I came across this item this morning on Wilhelms blog, TAGN.
The money- It’s widely agreed upon by all parties that this project took in roughly 145 thousand dollars. A large chunk of that money, 35k, came from a single individual who promised another couple hundred thousand once he cleared it with his trust. Brad was having personal problems at the time and needed to take a cash advance from the project.
He took roughly three months pay in advance which equaled roughly 38% of the funds that were left. Brad thought the rest of the money would come in, but the trust supervisor declined without even looking into the project. Reason being, he didn’t want to be sued if the start up failed. Brad admits that it was a mistake and wishes things worked out differently but the money is spent and there isn’t anything he can do.
He then went on to express that he was sorry for how it happened and is planning on liquidating personal assets to put the funds back into the project.
and a little further down
The contracts that were given to the devs were paid. Roughly 85k of the total funds went to paying the contracts. Some money went to the fees involved with starting the company. The founding devs were also given stock in the company. Payment for work didn’t begin until Feb 2014.
Brad took 45k as his advance and it was for 5 months of work advance, not 3.
- McQuaid for the last x amount of time has been working on the Pantheon concept.
- He, without a lot of prep, put up a Kickstarter aiming for $800K.
- The Kickstarter failed.
- Visionary Realms (Brad’s company) decided to go ahead anyway and try crowdfunding on their own website, without the protections of Kickstarter.
- They raised approx $145K, with $35K being from one donation. With an expectation of another $200k from a trust fund.
- Here’s where it gets interesting: Brad decides to give himself an advance of 5 months salary ($45,000)
- The trust fund investment doesn’t eventuate as the manager was a bit antsy about the risk.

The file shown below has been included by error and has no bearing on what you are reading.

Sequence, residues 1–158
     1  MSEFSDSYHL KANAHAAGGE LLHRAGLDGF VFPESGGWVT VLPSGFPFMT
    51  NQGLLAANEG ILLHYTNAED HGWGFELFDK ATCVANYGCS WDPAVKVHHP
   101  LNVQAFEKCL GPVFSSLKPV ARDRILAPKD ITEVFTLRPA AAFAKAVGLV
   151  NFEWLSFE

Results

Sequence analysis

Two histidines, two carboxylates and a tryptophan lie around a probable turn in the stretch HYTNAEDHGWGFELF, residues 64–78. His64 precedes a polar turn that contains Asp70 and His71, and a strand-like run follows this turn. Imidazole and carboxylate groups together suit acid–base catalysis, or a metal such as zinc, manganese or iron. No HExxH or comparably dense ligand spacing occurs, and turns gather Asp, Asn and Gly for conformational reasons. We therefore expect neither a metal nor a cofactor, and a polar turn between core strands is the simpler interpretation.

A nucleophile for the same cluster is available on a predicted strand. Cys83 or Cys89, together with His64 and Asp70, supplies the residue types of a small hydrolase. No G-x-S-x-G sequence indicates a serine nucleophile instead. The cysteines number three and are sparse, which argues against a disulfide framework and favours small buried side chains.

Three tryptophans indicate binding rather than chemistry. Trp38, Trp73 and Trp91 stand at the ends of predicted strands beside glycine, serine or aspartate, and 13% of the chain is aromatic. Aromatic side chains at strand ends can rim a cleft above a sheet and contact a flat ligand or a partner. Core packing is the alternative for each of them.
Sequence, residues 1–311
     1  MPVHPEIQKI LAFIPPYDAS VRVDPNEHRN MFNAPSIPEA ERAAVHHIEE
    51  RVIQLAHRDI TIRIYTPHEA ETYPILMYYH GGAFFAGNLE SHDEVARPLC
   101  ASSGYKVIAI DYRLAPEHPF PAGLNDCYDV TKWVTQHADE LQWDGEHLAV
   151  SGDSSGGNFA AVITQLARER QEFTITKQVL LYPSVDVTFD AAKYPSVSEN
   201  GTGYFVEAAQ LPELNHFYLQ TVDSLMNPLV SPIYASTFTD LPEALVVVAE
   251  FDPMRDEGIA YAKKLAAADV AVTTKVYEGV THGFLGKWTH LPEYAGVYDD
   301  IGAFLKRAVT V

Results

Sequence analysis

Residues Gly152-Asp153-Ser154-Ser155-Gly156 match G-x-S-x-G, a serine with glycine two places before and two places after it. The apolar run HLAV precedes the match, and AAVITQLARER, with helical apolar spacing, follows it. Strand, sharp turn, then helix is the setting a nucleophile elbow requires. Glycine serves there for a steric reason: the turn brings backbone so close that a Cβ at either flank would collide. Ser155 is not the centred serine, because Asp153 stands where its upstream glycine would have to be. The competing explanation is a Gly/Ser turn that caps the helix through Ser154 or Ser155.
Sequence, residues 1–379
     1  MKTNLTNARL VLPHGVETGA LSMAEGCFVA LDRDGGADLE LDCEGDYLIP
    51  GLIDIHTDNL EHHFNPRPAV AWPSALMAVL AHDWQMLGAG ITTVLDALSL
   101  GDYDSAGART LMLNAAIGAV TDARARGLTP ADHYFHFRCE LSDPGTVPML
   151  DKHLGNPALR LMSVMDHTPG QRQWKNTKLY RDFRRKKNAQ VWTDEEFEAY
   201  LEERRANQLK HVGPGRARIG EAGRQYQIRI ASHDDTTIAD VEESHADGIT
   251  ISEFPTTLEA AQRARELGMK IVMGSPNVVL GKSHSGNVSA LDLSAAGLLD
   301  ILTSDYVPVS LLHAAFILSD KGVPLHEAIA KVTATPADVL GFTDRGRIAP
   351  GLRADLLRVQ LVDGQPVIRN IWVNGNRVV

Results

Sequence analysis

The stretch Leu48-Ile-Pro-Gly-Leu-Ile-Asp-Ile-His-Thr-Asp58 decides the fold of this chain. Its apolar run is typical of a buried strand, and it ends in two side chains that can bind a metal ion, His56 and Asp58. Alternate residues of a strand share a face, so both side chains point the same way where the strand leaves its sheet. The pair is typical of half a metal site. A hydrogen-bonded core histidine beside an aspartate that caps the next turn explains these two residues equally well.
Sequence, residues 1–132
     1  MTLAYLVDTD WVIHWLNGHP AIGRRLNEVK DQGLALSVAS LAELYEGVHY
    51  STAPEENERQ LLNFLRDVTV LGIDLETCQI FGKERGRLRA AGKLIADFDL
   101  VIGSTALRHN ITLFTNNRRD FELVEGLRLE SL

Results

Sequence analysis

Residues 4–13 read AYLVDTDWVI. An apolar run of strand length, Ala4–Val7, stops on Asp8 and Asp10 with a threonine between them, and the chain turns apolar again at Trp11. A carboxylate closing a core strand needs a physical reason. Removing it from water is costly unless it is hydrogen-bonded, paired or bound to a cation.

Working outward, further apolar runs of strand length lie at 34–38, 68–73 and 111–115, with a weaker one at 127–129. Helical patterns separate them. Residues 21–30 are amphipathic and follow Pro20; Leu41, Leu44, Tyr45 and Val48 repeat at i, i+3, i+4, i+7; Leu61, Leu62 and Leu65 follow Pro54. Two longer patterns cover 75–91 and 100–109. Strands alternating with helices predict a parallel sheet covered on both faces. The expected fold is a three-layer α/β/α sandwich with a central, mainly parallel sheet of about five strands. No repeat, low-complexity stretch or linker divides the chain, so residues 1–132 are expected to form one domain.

- Visionary Realms runs out of money (whether it was before or after the advance, I’m not sure)
- Visionary Realms shuts down old website, goes to a new host, more bloggy website.
- Visionary Realms gets rid of paid developers
- Visionary Realms is now looking for volunteers to do the development.
Question: Does Visionary Realms still exist? A quick look on the new site doesn’t seem to mention the company name.
I didn’t donate to the Kickstarter, and certainly not to the private crowd funding attempt. I figured if it couldn’t get enough interest to fund under Kickstarter (which is a low risk crowd funding platform) then the game wasn’t too likely to succeed anyway, and it was just throwing away money. How right I was.
But a lot of people, including the trust fund guy, did believe enough in the game to commit a substantial amount of money to it. McQuaid violated that trust by advancing himself such a massive amount because he was having personal issues.
And that’s aside from the fact that he was paying himself a salary of $108,000 a year. Really? You’re building a start-up and taking that much of a salary. Start-ups are hard work and low pay until you hit the big time. Until you get there, you need every cent.
Don’t get me wrong, everyone deserves a salary, but when the coffers are low it’s smart to conserve.
You also have to consider that (the rumors suggest) that the developers were not getting paid enough to pay their bills, and some were fronting some of the costs out of their own pockets. Wow. The guy up front is paying himself an extremely generous salary for the stage the business is in, and is underpaying his developers.
Dude, that’s morally and ethically bankrupt.
Back when Vanguard/Sigil failed, McQuaid took a lot of heat for the way he acted. I wasn’t impressed back then, but it’s hard to build a business, and I was ready to consider that it was just bad business management coupled with a personal meltdown. Hey it happens.
But this time, in very similar circumstances? Once may be an accident. Twice? Looks a lot like character.
This guy has screwed his employees now, not once, but twice. Leaving them in the lurch and walking away with naught but damage to his reputation.
Then he wants to use a bunch of volunteers to complete the project.
Come on… Don’t let him do it again.